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John Wooden -- Beyond Categorization

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Some years ago at a Los Angeles fundraising event I added my applause to hundreds of other clapping hands in salute to John Wooden, the long retired UCLA basketball coach. Like most people in that room, I'd never met coach Wooden but was enthralled by his legendary winning record and his almost beatific presence that evening. Now that his body has died, an untold number of us recognize his unique spirit that defied the confines of being labeled as just a basketball coach.

For me, the magic of learning about Mr. Wooden's approach to his life and his profession is that his guiding principles easily transcend the athletic arena and have value for anyone who wants to maximize their talents and interests. Like all great inspirational figures, part of his legacy is a treasure trove of phrases that put his ideas into bite sized and memorable quotations. An example is "Do not let what you cannot do interfere with what you can do." No matter what business or stage of life you are in, I think you'd benefit from reading any one of Coach Wooden's books. I'd suggest having a look at Wooden: A Lifetime of Observations and Reflections On and Off the Court. On Amazon, the book has a five-star rating with 79 reader reviews which is quite an endorsement for the value of its contents. That may not be the New York Times best seller list, but it is real world success. You'd do well to cuddle up with that one if you are wondering how to build a team that can take your enterprise to a higher level of accomplishment. Small business owners often complain of not having the time to read enough but that really is the easiest way to feed your mind the necessary high value information pertinent to growing a company.

Just about anyone who is serious about personal development has looked at or at least heard about John Wooden's "Pyramid of Success," which puts his guiding principles into an easy to read graphic form. The expressed values written on the pyramid were foundational to his herculean accomplishments. Most of us would be thrilled with equaling just a piece of his work. Wooden's successes include 10 NCAA national basketball championships in 12 years (including 7 in a row!), 88 consecutive victories, and 38 straight NCAA tournament victories, many coach-of-the-year honors, Sports Illustrated's sportsman of the year, a lifetime winning percentage of over 80%, and the first man to be elected to college basketball's hall of fame as both a player and coach.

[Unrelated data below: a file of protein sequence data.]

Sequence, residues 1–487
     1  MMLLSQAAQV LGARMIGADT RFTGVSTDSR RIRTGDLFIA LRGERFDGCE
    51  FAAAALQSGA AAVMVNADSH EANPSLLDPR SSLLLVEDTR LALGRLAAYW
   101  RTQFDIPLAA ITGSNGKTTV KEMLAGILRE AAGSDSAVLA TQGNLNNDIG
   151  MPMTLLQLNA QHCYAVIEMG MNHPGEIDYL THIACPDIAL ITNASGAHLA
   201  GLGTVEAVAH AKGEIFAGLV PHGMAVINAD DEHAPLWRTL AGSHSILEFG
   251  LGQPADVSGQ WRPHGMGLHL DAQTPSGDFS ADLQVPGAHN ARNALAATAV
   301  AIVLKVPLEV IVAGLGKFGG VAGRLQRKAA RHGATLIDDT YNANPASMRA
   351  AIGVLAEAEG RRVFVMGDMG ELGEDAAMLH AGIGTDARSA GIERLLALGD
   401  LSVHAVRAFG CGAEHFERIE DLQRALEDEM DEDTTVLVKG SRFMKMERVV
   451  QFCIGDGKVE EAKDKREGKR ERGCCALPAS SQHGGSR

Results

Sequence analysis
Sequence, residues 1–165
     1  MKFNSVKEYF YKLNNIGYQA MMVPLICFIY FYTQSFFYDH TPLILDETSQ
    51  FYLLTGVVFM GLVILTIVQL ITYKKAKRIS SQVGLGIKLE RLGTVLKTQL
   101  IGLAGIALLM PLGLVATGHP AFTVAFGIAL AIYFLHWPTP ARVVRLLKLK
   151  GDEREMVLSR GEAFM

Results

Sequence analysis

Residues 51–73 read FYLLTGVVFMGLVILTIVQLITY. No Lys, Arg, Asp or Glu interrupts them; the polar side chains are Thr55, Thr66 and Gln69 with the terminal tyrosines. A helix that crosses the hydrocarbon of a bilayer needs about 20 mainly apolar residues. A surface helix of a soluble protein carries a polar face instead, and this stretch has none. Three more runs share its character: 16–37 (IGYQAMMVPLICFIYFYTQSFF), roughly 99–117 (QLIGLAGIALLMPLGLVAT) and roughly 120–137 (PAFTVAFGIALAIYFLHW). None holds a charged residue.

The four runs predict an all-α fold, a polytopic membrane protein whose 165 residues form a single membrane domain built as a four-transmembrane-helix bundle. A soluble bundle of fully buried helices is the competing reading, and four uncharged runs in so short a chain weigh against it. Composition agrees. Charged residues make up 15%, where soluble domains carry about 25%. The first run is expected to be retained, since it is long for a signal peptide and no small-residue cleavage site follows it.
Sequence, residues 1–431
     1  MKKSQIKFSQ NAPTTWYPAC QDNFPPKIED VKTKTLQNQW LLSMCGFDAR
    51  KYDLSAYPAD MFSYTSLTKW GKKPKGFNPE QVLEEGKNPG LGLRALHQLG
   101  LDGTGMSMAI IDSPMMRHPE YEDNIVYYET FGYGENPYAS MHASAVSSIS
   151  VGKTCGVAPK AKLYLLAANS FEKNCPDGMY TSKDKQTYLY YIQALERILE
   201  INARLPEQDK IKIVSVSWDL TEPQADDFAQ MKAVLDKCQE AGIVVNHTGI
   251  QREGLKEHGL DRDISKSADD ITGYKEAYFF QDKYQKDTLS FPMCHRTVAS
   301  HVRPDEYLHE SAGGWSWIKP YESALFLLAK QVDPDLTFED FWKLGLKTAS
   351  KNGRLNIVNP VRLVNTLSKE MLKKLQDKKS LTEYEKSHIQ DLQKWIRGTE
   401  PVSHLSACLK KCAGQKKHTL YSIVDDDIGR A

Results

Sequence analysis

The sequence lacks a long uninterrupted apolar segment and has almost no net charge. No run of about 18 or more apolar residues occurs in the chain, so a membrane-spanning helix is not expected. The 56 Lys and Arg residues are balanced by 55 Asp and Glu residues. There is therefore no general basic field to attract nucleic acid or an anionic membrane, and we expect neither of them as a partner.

I like coach Wooden's definition of success, which he expressed as the "peace of mind that is a direct result of self-satisfaction in knowing you did your best to become the best you are capable of becoming." That is a principle that I see often at the highest levels of sports and business. Sometimes we spend much too much time comparing ourselves to others, including our competitors and even our friends. I'm told that Wooden didn't pay much attention to scouting what opposing teams were doing but instead worked long and hard with his players to maximize their potential, because true champions are really only playing against themselves. When you pause to think about high achievers such as Lance Armstrong, Steve Jobs, Muhammad Ali and Thomas Edison at the peak of their powers, their results went far beyond others in their fields. In the ultimate feat of setting their own high standards, they had competitors, but no equals.

John Wooden didn't write about complex ideas with all sorts of research footnotes. And very little of what he really taught is about basketball. I can see that he lived his life based on a clear set of principles, values and ideals. As I read tributes to him from past members of his championship teams, some of them didn't realize how wise and helpful he was until many years had passed. For the rest of us who never had a chance to get an earful of his guidance, we are fortunate that beyond the books there are a number of audio and video interviews that survive. The trove of his quotes is rich with ideas for management, leadership or parenting such as "The best thing we could do for those we love is to not do what they're capable of doing for themselves." At a time when America is stumbling a bit and searching for true heroes to show us a path forward, Wooden's life is a guiding light to how we can grow the hero within ourselves. Some days we simply have to be our own coach. It is easy to simply box and package John Wooden as little more than a basketball coach but I see him as having grown far beyond that--in fact, I think that he was beyond categorization.